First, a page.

Basically it comes down to how the estimate is performed. Classically, the significant wave height is defined and calculated as the mean of the top 1/3 waves in a given record. However, statistical estimates based on time history of the surface are directly available when measuring subsurface wave quantities. Therefore, we use the power spectrum of the surface based on these quantities to arrive at an estimate commonly referred to as H_m0. This is calculated as:
Where M0 is the zero moment (integral) of the power spectrum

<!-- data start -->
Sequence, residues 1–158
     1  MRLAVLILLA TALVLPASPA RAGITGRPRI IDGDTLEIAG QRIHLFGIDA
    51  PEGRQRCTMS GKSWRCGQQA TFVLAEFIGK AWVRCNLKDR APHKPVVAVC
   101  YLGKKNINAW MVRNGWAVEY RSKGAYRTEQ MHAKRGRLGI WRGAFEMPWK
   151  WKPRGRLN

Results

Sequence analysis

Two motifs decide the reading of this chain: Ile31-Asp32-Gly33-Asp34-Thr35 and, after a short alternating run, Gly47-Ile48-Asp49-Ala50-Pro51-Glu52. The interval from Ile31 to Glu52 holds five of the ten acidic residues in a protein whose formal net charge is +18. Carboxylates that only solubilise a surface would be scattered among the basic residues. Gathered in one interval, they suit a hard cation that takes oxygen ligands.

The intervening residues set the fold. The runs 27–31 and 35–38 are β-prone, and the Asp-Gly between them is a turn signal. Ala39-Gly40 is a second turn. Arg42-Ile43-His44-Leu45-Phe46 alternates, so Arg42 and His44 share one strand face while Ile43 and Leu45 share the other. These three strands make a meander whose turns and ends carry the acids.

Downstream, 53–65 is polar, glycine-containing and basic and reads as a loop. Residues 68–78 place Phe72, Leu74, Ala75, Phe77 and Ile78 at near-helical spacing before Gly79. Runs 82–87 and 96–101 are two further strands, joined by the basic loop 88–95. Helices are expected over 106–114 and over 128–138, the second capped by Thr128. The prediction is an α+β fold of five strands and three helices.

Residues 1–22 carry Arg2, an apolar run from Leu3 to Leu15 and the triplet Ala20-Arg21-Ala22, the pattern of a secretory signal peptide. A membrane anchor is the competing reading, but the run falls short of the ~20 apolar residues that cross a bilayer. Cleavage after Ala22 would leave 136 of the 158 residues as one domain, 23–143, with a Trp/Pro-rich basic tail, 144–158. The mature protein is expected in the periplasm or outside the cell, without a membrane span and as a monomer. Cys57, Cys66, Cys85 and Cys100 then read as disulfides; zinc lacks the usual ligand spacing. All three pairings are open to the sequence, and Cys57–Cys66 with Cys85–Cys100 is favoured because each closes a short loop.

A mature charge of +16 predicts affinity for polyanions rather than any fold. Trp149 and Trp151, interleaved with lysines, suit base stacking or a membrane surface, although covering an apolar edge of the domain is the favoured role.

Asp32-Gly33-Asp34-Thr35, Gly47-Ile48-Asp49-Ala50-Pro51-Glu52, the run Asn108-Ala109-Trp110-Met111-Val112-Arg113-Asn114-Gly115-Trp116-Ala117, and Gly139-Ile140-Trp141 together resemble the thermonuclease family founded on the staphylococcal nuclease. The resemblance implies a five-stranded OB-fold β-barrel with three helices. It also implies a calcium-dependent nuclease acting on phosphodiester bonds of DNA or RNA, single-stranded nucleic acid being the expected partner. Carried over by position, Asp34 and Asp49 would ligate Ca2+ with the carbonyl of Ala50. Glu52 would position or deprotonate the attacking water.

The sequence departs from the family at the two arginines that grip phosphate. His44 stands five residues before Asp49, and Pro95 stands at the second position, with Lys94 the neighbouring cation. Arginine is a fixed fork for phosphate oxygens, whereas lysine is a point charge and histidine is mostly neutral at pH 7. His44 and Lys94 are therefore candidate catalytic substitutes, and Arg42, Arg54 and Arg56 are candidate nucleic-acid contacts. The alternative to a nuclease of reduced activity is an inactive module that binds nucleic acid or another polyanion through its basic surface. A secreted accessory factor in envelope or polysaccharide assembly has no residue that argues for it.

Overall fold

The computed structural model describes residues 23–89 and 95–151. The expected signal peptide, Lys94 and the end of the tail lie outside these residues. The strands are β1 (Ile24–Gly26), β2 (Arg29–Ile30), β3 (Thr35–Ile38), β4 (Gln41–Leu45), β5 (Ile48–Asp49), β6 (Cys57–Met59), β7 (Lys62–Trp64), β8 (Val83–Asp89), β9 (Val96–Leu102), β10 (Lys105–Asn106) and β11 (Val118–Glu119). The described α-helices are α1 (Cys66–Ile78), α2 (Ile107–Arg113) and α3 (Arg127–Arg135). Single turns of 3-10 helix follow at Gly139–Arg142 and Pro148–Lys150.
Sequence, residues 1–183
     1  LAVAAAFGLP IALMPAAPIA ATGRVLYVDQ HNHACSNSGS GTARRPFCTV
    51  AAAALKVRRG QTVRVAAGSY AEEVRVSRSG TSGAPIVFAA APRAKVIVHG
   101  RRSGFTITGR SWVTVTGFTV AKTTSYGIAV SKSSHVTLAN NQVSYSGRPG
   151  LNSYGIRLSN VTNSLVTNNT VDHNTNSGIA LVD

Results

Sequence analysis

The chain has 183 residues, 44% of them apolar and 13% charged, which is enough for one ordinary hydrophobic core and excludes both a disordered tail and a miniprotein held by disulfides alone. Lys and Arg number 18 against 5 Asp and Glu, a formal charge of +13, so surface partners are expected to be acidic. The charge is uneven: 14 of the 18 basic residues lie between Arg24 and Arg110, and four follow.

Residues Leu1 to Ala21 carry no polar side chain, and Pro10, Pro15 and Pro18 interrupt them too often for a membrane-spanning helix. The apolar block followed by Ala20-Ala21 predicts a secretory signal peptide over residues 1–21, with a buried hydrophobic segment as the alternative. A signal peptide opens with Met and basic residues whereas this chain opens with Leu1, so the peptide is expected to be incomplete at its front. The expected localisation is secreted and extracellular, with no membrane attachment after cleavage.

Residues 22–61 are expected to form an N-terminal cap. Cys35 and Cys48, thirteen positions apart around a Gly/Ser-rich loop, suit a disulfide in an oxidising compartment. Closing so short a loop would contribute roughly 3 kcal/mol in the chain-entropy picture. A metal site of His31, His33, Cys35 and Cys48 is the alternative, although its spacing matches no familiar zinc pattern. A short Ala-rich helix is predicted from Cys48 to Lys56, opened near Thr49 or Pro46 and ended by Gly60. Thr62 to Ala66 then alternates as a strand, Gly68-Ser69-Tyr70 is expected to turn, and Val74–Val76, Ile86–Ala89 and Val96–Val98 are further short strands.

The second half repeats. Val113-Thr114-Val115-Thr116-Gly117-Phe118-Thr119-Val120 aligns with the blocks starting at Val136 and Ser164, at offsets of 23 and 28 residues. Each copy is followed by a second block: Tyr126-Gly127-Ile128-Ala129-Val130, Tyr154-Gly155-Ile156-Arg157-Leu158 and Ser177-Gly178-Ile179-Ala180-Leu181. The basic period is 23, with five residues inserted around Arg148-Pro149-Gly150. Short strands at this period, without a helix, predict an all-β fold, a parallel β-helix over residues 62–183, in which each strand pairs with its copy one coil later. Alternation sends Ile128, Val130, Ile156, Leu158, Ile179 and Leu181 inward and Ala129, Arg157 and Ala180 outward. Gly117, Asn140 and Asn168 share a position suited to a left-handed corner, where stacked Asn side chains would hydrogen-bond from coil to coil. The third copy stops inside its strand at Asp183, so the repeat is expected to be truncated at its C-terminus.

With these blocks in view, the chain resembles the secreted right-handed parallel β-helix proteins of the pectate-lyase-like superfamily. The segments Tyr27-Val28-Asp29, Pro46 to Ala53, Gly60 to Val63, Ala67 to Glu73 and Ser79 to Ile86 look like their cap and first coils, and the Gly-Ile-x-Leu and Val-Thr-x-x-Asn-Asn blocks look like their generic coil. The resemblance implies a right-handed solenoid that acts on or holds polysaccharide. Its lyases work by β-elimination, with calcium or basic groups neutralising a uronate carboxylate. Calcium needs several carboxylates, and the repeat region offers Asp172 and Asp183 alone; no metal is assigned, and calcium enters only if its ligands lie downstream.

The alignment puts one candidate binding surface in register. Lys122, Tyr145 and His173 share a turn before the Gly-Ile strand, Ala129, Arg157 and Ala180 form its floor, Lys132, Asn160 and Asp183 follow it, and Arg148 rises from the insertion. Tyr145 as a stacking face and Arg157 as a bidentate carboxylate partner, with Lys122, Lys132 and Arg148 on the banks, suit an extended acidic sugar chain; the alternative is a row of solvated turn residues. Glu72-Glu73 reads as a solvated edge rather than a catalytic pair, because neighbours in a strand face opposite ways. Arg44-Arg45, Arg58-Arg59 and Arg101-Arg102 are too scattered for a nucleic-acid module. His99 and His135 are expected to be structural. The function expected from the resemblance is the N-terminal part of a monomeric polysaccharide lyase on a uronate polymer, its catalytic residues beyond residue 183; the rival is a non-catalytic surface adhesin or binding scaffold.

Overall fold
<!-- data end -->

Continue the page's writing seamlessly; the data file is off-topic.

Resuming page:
Studies comparing the two estimates have shown that Hm0 slightly over estimates the significant wave height by approximately 5%.
So there is a fundamental difference on how the two estimates are calculated, and yes there is a slight difference in the values. Since we use the spectral based solution, we present significant wave height as Hm0 instead of Hs.
More about this can be found in the Principles of Operation manual.